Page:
Catalogue > At random

Shelly Silver, Frances Richard

Lewitt Hesse Richard Silver

Film expérimental | 0 | couleur | 0:0 | USA | 2010

The assignment was to make a gift for the artist Sol Lewitt (1927-2007). Legendarily generous to other artists, Lewitt exchanged works with anyone who sought him out, from famous peers to admirers who sent him unsolicited objects and images. Filmmaker Shelly Silver asked her close friend, writer Frances Richard, to collaborate by contributing text for a short film. The text chosen is a series of quotations from Lewitt?s close friend Eva Hesse (1936-1970): ?All order is ephemeral ? chaos eats into order ? yet it has its own order ? if order could be chaos, chaos can be structured as non-chaos.? On Mosco Street in New York City?s Chinatown, a not-quite fixed camera tracks the ephemeral order composed on a warm afternoon by a fence, some trees, a set of shadows, and the passage of pedestrians and traffic. The image is nearly monochrome though filmed without manipulation in broad daylight. Preoccupied with abstract propositions including the grid as a delineator of space and the modulation of light on unlike surfaces, the 6-minute film is also a mini-vérité, its extremely quiet chaos structured by ambient sound and tiny urban incident.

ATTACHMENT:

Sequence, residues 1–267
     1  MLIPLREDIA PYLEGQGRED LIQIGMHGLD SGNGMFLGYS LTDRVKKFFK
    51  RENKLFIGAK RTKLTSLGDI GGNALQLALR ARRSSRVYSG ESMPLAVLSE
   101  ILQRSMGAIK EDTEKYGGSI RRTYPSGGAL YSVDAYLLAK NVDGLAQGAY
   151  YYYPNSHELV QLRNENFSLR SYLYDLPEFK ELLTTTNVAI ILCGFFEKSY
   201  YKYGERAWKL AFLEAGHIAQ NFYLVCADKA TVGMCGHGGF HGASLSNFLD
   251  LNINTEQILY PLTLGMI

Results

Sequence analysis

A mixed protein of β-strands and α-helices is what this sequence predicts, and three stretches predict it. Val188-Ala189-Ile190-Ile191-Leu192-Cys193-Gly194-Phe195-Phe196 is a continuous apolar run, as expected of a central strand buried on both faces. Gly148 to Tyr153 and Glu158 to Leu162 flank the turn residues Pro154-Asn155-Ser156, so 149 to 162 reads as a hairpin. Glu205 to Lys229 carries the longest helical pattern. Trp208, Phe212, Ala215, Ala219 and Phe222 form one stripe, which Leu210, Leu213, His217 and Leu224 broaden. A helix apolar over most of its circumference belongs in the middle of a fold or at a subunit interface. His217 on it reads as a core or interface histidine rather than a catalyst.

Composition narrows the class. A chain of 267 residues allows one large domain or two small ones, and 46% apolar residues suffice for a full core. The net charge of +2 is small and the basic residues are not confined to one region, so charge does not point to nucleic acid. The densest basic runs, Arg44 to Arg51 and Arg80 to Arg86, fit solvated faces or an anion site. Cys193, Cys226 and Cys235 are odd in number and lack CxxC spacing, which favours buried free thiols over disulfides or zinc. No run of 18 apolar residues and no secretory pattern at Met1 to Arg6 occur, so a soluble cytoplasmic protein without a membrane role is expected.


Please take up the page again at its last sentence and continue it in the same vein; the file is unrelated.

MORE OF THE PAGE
Frances Richard is the author of See and the chapbooks Anarch. and Shaved Code; a new volume of poems, The Phonemes, is forthcoming in 2011. In 2005, with Sina Najafi and Jeffrey Kastner, she co-curated the exhibition Odd Lots: Revisiting Gordon Matta-Clark?s ?Fake Estates"; a study of Matta-Clark?s language-use, currently in progress, has been supported by a grants from the Warhol Foundation/Creative Capital, the Canadian Centre for Architecture. She writes frequently about contemporary art, teaches at Barnard College and the Rhode Island School of Design, and lives in Brooklyn. Shelly Silver?s work, which spans a wide range of subject matter and genres, explores the personal and societal relations that connect and restrict us; the indirect routes of pleasure and desire; the stories that are told about us and the stories we construct about ourselves. Her work has been shown internationally at such venues as MoMA, MoCA, Yokohama Museum, Pompidou Center, London ICA, Museo Reina Sofia, and London, Singapore, New York, Moscow, and Berlin film festivals. She has received grants from the Guggenheim Foundation, the NEA, NYSCA, NYFA, the DAAD, Jerome Foundation, Japan Foundation and Anonymous was a Woman. She is an Associate Professor of Visual Arts in the School of the Arts, Columbia University.